I Swear To Tell The Truth...

Rainbow Slide - Mei Schwein

...the whole truth, and something in between.

I recently attended a PR course and one of the sessions focused purely on the topic of ethics. Without doubt, much can be said about ethics whether in relation to the PR industry or any other, however the subject matter prompted me to think further about the concept of truth.

As children we are all taught to tell the truth. We are made all too aware of the awful consequences of telling a lie - whether one looks at Pinocchio or at the shepherd boy who continually cried "wolf". If we dared to tell a lie, we had to live with the permanent fear of being found out. Truth was, without doubt, the best option.

According to legend, America's first president, George Washington, was reputed to have destroyed his father's cherry tree when trying out his newly acquired hatchet. When asked by his father if he knew who had caused the damage, the young Washington responded, "I can't tell a lie, Pa; you know I can't tell a lie. I did cut it with my hatchet." He was rewarded with seeing his father's pleasure at him telling the truth, apparently fully compensating for the massacred cherry tree.

In our young eyes, the truth is black or white. However, as we progress into adulthood, the matter becomes distorted; there are shades and grades of what constitutes the truth. I feel sure that we are all guilty of some of the following:

  • "Yes, you have seen this outfit/these shoes before. I bought them ages ago and they've been in the back of my cupboard since then."
  • "I am not quite sure what time I got in but it was definitely well before midnight."
  • "I really didn't have that much to drink. I am sure the prawns/chicken/peas were off and I've got food poisoning".
  • "Of course I love you", or even "Well, I don't love you anymore, either."
These are some of the standard so-called 'white' lies (the distortion begins) that roll off our tongue with consummate ease. Do we even realise that we are being untruthful? Logically, our minds tell us the required course of action is clear. We are trying to extricate ourselves from a potentially tricky situation and so feel justified in bending the facts to suit.

When we see a good friend we haven't seen for a while and they are looking terrible, we would not countenance telling them what we think. That would be cruel beyond measure. We might ask how they are, and if the response did not provide a clue to their change, we tell them how well they are looking. Thus, another 'white' lie, but surely entirely justifiable. Maybe only a low-grade fib?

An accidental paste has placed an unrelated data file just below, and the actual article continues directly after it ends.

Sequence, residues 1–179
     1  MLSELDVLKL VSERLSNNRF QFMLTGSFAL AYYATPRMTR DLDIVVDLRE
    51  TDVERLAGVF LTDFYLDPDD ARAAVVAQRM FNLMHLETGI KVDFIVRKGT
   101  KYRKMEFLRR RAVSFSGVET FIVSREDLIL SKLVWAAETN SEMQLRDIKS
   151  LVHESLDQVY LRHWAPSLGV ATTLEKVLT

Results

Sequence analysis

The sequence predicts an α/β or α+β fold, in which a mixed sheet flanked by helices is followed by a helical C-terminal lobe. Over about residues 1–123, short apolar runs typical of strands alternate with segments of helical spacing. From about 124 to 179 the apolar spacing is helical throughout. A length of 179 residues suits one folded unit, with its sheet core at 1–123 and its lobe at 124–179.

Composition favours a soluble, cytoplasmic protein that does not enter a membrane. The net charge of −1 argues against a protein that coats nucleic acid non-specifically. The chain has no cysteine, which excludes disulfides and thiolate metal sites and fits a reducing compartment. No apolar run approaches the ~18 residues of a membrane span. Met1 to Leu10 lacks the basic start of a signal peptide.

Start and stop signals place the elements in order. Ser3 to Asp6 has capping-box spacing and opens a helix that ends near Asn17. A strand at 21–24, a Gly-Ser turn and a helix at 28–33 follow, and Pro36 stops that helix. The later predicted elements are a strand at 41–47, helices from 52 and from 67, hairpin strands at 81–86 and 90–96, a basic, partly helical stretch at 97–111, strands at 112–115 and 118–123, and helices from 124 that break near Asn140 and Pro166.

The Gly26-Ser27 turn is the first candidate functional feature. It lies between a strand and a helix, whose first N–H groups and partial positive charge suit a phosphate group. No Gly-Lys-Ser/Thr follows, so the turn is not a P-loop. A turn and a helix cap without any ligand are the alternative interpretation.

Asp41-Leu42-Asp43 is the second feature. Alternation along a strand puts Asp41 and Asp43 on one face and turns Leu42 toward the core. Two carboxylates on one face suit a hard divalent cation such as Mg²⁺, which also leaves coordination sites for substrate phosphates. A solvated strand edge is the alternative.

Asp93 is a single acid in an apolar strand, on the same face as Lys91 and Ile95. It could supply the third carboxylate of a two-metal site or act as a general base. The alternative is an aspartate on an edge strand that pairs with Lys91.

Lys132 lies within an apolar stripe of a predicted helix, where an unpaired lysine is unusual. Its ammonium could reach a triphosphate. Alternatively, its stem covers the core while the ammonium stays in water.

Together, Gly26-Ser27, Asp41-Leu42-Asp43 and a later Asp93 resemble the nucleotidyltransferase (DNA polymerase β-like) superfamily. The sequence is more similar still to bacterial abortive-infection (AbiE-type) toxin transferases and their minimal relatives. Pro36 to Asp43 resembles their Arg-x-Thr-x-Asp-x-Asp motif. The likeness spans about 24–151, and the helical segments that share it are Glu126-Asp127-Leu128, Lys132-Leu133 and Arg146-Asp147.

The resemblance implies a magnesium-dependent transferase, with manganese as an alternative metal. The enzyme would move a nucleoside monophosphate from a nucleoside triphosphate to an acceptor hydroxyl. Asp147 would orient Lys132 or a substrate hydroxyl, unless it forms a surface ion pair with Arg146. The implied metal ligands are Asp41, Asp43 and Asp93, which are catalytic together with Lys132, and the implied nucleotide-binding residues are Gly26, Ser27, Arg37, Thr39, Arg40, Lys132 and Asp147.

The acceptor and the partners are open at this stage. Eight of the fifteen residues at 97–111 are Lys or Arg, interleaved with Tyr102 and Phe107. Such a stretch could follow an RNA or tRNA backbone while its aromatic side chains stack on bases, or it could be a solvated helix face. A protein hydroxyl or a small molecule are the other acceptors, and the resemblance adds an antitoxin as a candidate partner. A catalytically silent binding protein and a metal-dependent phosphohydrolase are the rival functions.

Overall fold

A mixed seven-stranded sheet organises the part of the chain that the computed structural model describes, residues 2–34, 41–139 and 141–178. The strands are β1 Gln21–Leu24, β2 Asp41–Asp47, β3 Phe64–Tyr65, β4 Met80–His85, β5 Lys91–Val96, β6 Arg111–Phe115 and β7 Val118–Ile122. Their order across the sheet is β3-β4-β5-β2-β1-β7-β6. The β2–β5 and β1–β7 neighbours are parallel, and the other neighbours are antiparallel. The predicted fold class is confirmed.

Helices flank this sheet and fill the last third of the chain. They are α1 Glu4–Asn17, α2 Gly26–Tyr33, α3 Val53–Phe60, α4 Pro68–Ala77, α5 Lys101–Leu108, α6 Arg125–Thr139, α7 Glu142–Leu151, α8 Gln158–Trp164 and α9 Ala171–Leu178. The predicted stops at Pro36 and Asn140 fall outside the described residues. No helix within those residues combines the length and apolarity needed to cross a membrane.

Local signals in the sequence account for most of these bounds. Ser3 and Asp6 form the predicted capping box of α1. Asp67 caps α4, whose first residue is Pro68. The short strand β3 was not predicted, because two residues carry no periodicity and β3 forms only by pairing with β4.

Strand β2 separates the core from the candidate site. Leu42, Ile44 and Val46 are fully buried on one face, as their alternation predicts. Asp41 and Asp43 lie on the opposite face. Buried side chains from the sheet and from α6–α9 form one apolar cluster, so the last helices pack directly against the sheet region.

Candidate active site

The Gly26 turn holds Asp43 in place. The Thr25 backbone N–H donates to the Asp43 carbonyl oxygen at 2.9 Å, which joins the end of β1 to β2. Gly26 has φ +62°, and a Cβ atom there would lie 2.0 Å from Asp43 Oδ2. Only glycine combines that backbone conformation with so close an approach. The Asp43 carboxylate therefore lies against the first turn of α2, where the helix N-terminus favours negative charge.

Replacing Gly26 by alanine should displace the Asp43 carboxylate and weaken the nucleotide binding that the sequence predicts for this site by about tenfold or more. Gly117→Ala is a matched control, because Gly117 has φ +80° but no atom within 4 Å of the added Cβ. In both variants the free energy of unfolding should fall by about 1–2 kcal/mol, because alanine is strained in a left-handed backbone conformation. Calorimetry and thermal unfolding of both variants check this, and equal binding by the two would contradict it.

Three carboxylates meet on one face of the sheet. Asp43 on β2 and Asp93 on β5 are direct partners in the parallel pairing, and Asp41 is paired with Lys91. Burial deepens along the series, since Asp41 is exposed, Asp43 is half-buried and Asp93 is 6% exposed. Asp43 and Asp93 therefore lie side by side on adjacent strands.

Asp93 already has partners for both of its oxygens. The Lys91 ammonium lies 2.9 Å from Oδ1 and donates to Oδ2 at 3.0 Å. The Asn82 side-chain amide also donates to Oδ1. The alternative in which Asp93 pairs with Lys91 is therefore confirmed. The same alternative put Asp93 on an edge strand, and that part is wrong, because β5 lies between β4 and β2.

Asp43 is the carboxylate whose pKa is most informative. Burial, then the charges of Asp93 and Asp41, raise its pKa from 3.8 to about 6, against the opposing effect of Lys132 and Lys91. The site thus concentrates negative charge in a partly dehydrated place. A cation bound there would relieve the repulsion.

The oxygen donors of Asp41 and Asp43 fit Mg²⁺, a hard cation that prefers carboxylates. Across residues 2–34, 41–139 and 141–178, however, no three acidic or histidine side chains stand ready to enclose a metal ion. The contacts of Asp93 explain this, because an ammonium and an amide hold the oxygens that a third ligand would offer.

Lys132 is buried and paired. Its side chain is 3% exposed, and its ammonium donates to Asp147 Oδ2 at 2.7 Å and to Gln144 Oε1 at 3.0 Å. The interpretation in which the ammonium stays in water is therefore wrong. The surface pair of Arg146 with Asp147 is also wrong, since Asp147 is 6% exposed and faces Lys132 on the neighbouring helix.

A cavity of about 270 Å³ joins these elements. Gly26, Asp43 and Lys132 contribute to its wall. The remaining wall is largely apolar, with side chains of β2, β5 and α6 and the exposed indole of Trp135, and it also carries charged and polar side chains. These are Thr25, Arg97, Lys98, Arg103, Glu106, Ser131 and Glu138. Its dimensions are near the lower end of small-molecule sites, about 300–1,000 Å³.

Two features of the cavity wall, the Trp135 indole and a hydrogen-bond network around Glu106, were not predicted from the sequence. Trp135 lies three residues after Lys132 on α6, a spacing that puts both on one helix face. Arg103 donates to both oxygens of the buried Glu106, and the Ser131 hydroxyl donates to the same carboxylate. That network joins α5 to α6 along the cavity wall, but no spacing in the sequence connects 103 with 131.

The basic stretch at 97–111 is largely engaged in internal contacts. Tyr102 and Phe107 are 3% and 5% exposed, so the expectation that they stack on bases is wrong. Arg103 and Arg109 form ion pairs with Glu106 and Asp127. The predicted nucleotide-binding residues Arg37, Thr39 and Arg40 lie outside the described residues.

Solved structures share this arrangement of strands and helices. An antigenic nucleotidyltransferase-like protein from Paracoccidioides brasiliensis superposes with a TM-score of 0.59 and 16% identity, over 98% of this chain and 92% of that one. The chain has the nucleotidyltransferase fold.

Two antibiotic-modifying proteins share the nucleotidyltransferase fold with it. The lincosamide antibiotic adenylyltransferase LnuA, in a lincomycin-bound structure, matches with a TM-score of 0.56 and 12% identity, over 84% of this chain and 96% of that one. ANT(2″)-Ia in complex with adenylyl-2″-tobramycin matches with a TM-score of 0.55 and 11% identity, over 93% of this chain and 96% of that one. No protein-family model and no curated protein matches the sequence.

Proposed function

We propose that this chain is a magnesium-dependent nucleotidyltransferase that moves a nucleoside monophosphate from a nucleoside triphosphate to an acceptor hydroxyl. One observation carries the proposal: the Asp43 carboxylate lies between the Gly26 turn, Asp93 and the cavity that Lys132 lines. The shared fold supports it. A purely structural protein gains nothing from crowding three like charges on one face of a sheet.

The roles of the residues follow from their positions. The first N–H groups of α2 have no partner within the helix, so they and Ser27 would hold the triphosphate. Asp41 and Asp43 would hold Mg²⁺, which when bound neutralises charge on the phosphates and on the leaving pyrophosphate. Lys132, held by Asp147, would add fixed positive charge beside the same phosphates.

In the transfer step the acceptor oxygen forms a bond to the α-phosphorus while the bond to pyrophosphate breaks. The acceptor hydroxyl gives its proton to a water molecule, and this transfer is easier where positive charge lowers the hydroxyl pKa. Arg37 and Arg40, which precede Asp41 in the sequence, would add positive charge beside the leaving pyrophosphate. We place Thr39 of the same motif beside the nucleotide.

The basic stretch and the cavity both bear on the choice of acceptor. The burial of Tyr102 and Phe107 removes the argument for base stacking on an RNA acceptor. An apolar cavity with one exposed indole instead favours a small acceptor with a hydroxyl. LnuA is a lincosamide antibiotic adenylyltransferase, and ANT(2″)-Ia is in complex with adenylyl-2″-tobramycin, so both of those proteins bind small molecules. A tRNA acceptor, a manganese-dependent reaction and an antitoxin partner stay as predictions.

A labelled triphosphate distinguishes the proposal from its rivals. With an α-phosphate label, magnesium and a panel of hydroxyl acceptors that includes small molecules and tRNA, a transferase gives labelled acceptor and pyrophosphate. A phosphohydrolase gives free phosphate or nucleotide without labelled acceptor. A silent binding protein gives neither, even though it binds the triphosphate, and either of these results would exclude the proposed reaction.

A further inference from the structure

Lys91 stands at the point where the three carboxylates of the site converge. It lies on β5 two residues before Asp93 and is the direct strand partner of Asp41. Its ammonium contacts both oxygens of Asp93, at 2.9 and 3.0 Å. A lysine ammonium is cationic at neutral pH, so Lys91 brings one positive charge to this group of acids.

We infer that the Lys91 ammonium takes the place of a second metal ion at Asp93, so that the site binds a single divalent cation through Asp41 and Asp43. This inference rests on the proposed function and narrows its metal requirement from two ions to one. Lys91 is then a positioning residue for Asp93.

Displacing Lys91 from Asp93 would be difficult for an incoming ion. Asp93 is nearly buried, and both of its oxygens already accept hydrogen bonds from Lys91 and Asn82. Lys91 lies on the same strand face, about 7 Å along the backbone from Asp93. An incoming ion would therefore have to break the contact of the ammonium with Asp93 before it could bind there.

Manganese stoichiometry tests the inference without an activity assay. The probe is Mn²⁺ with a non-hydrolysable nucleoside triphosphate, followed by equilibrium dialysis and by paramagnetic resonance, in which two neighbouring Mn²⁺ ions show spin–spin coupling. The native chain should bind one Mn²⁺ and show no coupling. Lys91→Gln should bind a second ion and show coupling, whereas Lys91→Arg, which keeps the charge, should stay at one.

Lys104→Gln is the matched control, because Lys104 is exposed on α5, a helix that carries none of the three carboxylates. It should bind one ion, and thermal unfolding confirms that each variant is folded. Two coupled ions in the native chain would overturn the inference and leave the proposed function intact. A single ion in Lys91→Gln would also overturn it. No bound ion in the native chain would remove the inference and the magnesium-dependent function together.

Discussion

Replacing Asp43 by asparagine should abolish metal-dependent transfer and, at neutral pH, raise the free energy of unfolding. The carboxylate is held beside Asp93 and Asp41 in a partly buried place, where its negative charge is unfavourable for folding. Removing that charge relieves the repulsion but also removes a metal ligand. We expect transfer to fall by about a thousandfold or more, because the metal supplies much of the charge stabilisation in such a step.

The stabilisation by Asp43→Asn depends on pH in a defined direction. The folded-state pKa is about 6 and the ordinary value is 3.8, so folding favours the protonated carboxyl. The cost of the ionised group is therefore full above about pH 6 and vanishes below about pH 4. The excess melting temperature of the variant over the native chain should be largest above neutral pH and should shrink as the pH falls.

The distortion continues. This time not by bending the facts, but omitting them altogether.

Actual statement: "I had a lovely time last night. I saw X, Y and Z and we had drinks at the pub followed by supper.

Actual occurrence: "I had a lovely time last night. I saw X, Y and Z, and then bumped into R, my ex from a few years ago whom I know you are quite jealous of. We had a really nice chat as we hadn't seen each other for ages, and I really enjoyed seeing him/her again. And then I went to have supper with with X,Y and Z."

If there really is no residual feeling between you and the ex, and it is purely an exercise in not hurting someone unnecessarily, then surely the omission is excusable? Moving up on the lie grade scale certainly, but still not that serious, surely.

Progressing somewhat further up that scale, how do we judge the Clinton/Lewinsky situation? Bill Clinton manipulated his truth. For him, 'sexual relations' meant the act of sex itself; it excluded any of the associated foreplay and fun and games. His definition of the truth enabled him to stand up in front of the world, hand on heart and declare fervently: "I did not have sexual relations with that woman." Given that the details of what he actually did get up to were plastered over every available form of media, it is perhaps debatable whether his approach was the right one. Personally I thought Clinton was a superb statesman, and for all his faults I was able to forgive him - which does not reflect well on me as, with that acceptance, I did not condemn his lie, but condoned it.

Then we reach the zenith of the scale. Who can forget the stark headlines stating that Iraq had biological and chemical weapons that could be prepared for attack against Britain in just 45 minutes? As it transpired, information released by the Government had been misinterpreted by a number of newspapers. When it became obvious that there had been a misunderstanding, did the Government correct the newspapers' interpretation? No. Did they lie when they did this? No, they just did not contradict the erroneous information being quoted. When questioned on this point, Jack Straw's response was along the lines of, "Government ministers don't have time to go around correcting every inaccuracy that appears in the papers." On a point of national security, with the lives of British troops being put on the line? I believe we are off the lie grade scale now.

I realise that it is unlikely that I will ever be in the position of manipulating the truth to such as an extent as to put lives at risk. But I am, perhaps, a little concerned that with my verbal twists and turns, when I say what I think is the easiest thing to say or when I omit what I should be saying, am I not potentially at the top of a very slippery slope?